There was a breakthrough this week in the effort to save four Boston Public Library branches, including the one in Lower Mills, that were slated for closure earlier this year. The battle, however, is far from over.
First, the library’s trustees, at the behest of Mayor Tom Menino, voted on Monday to postpone the branch eliminations— but only temporarily. The new line from City Hall is that the mayor is concerned that no one has a plan to re-use the four buildings once they are shuttered. In essence, he has embraced a key argument that opponents of the closings have made from Day One: that the process that led to this closure decision was deeply flawed. Putting the brakes on the planned shut-downs marks a welcome shift in Menino’s policy; but it remains incomplete as of this writing.
At the same Monday afternoon meeting, the man who leads the BPL’s trustees — Jeffrey Rudman — made it clear that if a current $1.6 million budget shortfall is filled, the board will reverse its March vote on closures and move to prevent any reduction in branches in the new fiscal year.
Rudman’s announcement — which he made repeatedly and emphatically during Monday’s hearing at the Rabb Lecture Hall — is a turning point in the struggle to keep the branches open. It is a clear signal that the BPL leadership itself is re-thinking the best course of action going forward.
His timing, however, is awful.
Rudman and BPL president Amy Ryan have dithered and dodged on this question for months now. When state lawmakers first huddled with the BPL brass about their budget needs four months ago, they asked pointedly: Will you use the $1.6 million you seek from the state to keep the branches open? Rudman and Ryan refused to be pinned down. Even as recently as two weeks ago — when she was grilled by Boston city councillors— Ryan deflected the question.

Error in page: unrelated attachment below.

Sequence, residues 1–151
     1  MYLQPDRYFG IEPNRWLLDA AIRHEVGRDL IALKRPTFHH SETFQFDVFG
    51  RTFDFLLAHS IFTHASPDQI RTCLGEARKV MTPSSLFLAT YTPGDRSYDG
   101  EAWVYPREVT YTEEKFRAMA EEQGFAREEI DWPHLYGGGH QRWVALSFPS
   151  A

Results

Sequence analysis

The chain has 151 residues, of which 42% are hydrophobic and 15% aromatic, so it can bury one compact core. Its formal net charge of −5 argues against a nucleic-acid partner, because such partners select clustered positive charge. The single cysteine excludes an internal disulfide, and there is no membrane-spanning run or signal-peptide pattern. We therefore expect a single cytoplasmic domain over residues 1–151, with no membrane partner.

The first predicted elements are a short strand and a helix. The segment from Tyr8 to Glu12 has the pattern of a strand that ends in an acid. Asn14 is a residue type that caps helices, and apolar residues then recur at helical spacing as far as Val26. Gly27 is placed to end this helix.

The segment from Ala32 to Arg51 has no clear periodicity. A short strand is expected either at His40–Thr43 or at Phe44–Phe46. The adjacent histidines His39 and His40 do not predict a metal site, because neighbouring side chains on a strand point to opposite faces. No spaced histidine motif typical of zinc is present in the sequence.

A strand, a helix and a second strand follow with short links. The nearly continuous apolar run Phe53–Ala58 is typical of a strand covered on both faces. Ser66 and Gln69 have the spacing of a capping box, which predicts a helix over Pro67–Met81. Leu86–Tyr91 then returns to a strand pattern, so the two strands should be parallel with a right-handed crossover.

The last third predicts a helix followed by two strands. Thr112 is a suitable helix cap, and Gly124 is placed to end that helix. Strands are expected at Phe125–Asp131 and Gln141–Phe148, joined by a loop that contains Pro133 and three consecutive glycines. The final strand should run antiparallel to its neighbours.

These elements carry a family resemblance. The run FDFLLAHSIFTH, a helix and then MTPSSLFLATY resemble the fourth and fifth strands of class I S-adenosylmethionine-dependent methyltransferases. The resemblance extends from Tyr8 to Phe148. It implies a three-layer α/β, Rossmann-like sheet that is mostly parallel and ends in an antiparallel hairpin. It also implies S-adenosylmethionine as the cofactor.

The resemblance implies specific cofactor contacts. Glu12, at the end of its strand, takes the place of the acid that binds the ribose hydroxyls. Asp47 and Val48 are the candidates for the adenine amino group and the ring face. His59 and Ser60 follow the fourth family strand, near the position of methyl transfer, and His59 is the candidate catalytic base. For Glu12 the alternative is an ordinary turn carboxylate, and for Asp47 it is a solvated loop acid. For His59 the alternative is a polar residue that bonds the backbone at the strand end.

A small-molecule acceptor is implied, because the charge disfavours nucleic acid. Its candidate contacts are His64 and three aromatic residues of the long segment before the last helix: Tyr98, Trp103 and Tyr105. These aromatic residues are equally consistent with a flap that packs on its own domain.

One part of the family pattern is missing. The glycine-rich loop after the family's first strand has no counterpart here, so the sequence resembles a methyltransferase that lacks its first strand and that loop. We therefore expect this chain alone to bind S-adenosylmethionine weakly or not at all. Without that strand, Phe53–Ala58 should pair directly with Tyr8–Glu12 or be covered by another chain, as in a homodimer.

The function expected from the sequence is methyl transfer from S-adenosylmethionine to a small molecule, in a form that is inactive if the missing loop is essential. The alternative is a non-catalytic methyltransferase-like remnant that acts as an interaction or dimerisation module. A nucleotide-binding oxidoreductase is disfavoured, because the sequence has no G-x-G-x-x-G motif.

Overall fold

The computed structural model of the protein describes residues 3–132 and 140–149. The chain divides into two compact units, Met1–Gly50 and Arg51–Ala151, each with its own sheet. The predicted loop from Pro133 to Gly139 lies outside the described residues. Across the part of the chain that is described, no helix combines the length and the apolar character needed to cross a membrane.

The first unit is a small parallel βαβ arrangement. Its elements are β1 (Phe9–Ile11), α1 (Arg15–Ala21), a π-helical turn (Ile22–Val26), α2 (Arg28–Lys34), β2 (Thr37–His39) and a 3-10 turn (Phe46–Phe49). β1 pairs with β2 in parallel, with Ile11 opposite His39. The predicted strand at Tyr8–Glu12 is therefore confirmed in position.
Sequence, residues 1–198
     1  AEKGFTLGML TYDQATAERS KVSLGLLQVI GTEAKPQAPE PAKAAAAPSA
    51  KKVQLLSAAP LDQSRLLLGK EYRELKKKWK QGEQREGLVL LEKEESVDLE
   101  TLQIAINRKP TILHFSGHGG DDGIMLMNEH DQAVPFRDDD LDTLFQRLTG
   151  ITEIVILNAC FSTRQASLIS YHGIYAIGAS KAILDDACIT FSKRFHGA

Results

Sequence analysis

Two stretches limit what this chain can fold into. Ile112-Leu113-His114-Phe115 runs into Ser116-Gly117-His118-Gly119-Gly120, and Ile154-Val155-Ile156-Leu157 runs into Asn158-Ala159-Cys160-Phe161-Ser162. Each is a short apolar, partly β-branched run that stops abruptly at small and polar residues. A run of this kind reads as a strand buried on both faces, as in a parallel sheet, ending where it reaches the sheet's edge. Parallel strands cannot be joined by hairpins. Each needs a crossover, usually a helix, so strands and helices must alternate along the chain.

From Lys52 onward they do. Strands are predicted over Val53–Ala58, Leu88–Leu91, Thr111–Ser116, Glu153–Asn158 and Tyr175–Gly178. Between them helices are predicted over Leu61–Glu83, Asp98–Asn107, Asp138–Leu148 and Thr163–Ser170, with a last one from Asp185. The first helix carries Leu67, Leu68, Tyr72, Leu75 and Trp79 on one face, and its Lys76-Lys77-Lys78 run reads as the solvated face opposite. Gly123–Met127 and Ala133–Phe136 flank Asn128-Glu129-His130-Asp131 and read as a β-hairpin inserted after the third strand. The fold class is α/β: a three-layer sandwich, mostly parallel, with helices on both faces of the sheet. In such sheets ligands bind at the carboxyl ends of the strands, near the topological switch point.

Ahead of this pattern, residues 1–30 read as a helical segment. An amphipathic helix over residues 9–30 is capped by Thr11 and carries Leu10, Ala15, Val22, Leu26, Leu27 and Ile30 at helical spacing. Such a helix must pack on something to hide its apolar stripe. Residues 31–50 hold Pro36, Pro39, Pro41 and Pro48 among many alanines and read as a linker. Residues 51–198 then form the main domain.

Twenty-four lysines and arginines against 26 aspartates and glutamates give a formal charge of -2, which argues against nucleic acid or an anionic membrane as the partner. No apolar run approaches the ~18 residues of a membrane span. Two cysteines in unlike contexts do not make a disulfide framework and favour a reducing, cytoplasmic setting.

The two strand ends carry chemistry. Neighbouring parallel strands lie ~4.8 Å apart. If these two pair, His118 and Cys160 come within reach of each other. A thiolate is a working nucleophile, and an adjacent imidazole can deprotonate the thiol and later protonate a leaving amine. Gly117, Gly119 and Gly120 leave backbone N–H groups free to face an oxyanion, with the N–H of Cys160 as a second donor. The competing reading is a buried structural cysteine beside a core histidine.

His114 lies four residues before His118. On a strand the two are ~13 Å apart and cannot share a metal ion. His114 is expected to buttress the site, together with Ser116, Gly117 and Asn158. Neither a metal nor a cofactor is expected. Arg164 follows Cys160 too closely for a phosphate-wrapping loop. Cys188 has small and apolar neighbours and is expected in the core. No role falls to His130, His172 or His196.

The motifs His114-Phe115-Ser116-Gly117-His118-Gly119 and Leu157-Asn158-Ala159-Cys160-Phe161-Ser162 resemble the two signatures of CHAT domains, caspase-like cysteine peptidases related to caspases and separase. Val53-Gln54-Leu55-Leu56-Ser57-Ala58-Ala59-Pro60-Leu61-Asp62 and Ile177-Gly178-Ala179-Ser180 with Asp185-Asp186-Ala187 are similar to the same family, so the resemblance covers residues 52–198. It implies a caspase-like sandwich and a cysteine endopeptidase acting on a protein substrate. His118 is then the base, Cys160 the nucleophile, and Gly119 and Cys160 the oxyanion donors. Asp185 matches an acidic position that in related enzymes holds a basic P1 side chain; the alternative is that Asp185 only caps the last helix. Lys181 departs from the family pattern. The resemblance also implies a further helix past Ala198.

Now, with the state budget cycle nearly done, it’s unlikely that Boston’s State House delegation can plug new monies into the budget. It will be up to the Menino administration to fill the gap for the coming fiscal year and that is precisely what the mayor and city council should strive to do. Closing any branches— whether it be this summer or next year— under these muddled circumstances is simply unacceptable. Now that there has been an admission that the process itself was flawed and rushed, Menino should take the logical next step: Make a public proclamation that no libraries will close in FY ’11.
Doing so will accomplish two important things. First, the decision will secure $2.4 million from state coffers that the city library system would otherwise lose if the libraries are closed in the new year. Lawmakers seeking to block the closings wrote language into the state budget that will penalize the city if they move ahead with the closings. There is, then, a financial incentive to halt the shut-downs.
Secondly, it provides space for Menino and his library staff to begin a new process aimed at modernizing the BPL. The present state of affairs at the BPL is confused and uncertain. The rush into branch closures was precipitous and, ultimately, out of step with the will of the constituents of this city. It’s time to start a fresh discussion about how the library system will evolve in the coming years and what model of leadership will work best for the BPL.
After his good faith efforts of the last week, we have renewed hope that Mayor Menino will do the right thing.